Queen Elizabeth knighted Winton for “services to humanity, in saving Jewish children from Nazi Germany-occupied Czechoslovakia.” On October 28, 2014, he received the highest honor of the Czech Republic, the Order of the White Lion (1st class). He died in 2015 at age 106.

Oskar Schindler (April 28, 1908 – October 9 1974) is now probably the most famous person aiding Jews during the war. A German industrialist and a member of the Nazi Party, he is credited with saving the lives of 1,200 Jews during the Holocaust by employing them in his enamelware and ammunitions factories in occupied Poland and, later, the Protectorate of Bohemia and Moravia.

He’s the subject of the 1982 novel Schindler’s Ark and its 1993 film adaptation, Schindler’s List, which reflected his life as an opportunist initially motivated by profit, who came to show extraordinary tenacity and courage to save the lives of his Jewish employees.

In 1939, Schindler acquired an enamelware factory in Kraków, Poland, which employed at the factory’s peak in 1944 about 1,750 workers, of whom 1,000 were Jews. His connections helped Schindler protect his Jewish workers from deportation and death in the Nazi concentration camps. As time went on, Schindler had to give Nazi officials ever larger bribes and gifts of luxury items obtainable only on the black market to keep his workers safe.

By July 1944, Germany was losing the war; the SS began closing down the easternmost concentration camps and deporting the remaining prisoners westward. Schindler convinced officials to allow him to move his factory to the Protectorate of Bohemia and Moravia. He continued to bribe SS officials to prevent the execution of his workers until the end of the war, by which time he had spent his entire fortune on bribes and black-market purchases of supplies for his workers.

When he went bankrupt in 1958, Schindler returned to Germany, where he failed at several business ventures and relied on financial support from a group known as “Schindler Jews,” the people whose lives he had saved during the war. He died in Hildesheim, Germany, and was buried in Jerusalem on Mount Zion, the only member of the Nazi Party to be honored in this way. He and his wife Emilie were named “Righteous Among the Nations” by the Israeli government in 1993.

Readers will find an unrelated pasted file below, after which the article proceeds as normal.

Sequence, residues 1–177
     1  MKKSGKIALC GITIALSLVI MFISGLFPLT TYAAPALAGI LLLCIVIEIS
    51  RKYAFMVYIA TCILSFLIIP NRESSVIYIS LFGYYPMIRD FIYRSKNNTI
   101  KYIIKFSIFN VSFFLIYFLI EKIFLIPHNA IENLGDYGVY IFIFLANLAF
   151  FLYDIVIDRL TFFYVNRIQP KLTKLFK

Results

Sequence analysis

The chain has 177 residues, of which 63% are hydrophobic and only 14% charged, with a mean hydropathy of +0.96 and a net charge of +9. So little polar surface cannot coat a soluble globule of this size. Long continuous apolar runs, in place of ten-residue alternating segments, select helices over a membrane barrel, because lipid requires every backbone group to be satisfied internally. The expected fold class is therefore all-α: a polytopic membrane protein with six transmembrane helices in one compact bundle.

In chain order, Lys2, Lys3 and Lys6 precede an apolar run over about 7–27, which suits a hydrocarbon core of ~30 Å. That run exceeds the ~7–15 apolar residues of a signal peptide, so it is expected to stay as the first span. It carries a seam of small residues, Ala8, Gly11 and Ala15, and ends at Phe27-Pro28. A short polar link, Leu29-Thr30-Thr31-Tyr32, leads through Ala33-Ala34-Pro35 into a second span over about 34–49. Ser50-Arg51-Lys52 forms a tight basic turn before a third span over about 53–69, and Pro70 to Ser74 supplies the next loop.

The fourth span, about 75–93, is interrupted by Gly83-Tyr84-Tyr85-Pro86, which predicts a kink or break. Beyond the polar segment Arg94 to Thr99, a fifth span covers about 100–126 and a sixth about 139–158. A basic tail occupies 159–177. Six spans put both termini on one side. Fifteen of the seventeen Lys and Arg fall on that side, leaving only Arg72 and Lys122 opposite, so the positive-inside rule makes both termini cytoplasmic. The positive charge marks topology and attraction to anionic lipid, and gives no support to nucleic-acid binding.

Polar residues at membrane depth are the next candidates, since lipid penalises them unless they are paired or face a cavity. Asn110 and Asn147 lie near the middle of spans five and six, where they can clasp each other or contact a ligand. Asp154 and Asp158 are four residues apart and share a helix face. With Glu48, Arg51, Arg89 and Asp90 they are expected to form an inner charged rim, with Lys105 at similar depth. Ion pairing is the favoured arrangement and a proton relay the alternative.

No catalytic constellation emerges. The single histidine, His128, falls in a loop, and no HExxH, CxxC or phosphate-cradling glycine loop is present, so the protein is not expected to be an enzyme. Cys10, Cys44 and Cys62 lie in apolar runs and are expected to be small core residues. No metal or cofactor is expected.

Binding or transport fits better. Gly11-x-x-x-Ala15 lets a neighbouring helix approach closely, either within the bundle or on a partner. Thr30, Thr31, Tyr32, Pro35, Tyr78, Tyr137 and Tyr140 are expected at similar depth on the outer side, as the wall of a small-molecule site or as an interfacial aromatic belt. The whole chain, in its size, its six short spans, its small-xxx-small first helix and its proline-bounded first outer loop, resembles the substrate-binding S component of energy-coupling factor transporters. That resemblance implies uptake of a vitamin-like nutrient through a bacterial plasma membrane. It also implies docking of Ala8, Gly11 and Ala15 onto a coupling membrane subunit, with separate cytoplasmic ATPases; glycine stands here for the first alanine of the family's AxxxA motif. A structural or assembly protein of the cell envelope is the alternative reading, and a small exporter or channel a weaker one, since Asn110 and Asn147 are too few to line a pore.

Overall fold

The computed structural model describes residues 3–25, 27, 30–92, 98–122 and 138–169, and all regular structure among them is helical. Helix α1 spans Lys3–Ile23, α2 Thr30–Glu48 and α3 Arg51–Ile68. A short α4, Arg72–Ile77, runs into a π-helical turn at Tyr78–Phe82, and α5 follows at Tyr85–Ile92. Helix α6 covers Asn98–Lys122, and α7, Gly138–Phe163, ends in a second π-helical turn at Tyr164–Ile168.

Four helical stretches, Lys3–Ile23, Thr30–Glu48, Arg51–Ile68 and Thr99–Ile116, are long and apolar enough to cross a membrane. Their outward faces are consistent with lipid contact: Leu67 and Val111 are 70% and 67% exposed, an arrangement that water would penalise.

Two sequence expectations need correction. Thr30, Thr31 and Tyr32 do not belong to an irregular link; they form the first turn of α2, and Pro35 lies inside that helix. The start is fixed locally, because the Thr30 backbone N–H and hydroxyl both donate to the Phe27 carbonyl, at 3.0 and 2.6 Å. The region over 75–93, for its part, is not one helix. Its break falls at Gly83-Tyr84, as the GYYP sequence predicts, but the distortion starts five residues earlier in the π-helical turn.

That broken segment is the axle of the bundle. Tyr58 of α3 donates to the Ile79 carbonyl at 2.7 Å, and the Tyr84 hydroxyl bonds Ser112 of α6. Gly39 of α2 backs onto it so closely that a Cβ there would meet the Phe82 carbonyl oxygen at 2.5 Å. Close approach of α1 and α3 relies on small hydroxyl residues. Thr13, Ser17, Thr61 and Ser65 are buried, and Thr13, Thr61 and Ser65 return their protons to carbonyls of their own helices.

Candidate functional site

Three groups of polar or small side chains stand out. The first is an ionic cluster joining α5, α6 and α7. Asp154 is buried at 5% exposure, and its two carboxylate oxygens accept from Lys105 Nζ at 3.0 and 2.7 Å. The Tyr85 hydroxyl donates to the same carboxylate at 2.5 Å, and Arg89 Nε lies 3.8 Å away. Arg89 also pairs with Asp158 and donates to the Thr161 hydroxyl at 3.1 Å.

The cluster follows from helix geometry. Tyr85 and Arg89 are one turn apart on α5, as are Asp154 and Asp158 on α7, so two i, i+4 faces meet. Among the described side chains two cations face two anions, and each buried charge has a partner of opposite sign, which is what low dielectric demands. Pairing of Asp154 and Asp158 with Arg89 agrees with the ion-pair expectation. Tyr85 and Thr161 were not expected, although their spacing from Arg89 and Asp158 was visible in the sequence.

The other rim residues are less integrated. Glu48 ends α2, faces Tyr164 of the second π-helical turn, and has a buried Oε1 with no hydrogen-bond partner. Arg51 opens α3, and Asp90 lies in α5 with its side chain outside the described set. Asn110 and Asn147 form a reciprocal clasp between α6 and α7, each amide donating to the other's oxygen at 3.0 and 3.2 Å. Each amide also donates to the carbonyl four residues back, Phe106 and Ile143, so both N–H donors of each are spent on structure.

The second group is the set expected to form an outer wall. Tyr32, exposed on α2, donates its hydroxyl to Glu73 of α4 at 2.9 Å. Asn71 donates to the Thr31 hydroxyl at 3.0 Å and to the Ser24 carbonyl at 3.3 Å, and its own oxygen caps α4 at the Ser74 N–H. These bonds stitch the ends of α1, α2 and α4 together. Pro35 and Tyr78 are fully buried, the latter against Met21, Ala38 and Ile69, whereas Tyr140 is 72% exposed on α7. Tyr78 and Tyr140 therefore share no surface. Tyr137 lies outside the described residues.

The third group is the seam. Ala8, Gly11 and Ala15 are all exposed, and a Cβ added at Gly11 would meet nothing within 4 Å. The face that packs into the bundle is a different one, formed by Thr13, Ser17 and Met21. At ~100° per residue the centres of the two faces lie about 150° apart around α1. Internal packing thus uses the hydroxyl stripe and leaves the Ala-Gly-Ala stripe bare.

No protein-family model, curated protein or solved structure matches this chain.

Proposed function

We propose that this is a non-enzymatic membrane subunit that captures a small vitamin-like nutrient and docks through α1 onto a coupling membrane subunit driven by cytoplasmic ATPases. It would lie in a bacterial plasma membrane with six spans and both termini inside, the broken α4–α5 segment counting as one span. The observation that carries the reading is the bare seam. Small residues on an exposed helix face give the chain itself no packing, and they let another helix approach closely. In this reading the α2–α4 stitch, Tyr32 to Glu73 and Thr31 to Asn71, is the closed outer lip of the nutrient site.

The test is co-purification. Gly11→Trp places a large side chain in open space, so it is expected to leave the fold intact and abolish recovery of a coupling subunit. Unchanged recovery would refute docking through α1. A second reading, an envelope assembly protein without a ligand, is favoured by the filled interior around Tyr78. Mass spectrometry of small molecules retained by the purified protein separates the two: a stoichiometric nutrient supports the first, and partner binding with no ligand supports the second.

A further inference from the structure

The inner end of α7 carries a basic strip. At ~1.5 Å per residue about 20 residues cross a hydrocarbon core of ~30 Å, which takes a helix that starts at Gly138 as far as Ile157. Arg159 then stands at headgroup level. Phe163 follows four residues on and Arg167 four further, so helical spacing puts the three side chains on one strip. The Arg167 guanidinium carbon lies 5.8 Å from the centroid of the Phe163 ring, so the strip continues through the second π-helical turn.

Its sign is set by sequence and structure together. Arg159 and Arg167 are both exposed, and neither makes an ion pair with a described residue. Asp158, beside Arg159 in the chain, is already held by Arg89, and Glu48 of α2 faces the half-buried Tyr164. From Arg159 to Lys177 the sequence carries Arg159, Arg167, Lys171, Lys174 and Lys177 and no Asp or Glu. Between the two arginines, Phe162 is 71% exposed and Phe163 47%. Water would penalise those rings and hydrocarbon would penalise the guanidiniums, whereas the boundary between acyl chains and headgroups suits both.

Roddie Edmonds (August 20, 1919 – August 8, 1985), a master sergeant of the 106th Infantry Division, 422nd Infantry Regiment in the United States Army during World War II, became the ranking U.S. non-commissioned officer at the Stalag IX-A prisoner-of-war camp in Germany. There – at the risk of his life – he prevented an estimated 200 Jews from being singled out from the camp for Nazi persecution and possible death.

Edmonds, along with other inexperienced troops, arrived in the combat zone December 1944, arriving only five days before Germany launched a massive counteroffensive, Battle of the Bulge. During the battle, on December 19, 1944, Edmonds was captured by Nazi forces, and sent to a German prisoner-of-war camp, Stalag IX-B. Shortly thereafter, he was transferred, with other enlisted personnel, to another POW camp, Stalag IX-A. As the senior noncommissioned officer at the new camp, Master Sergeant Edmonds was responsible for the camp’s 1,275 American POWs.

On their first day in Stalag IX-A, January 27, 1945 – as Germany’s defeat was clearly approaching – the commandant ordered Edmonds to tell only the Jewish-American soldiers to present themselves at the next morning’s assembly so they could be separated from the other prisoners.

Instead, Edmonds ordered all 1,275 POWs to assemble outside their barracks. In a fury, the commandant placed his pistol against Edmonds’ head and demanded that Edmonds identify the Jewish soldiers under his command. Instead, Edmonds responded, “We are all Jews here.” He told the commandant that, if he wanted to shoot the Jews, he’d have to shoot all the prisoners. Edmonds also told him that, if he harmed any of Edmonds’ men, the commandant would be investigated and prosecuted for war crimes after the conflict ended. He cited the Geneva Conventions requirement that prisoners only had to give their name, rank, and serial number. Religion was not a requirement. The commandant backed down.

Edmonds survived 100 days of captivity, and returned home after the war, but kept the event at the POW camp to himself. He also served during the Korean Conflict. He died in 1985, having never received any official recognition, citation, or medal for his defense of the Jewish POWs.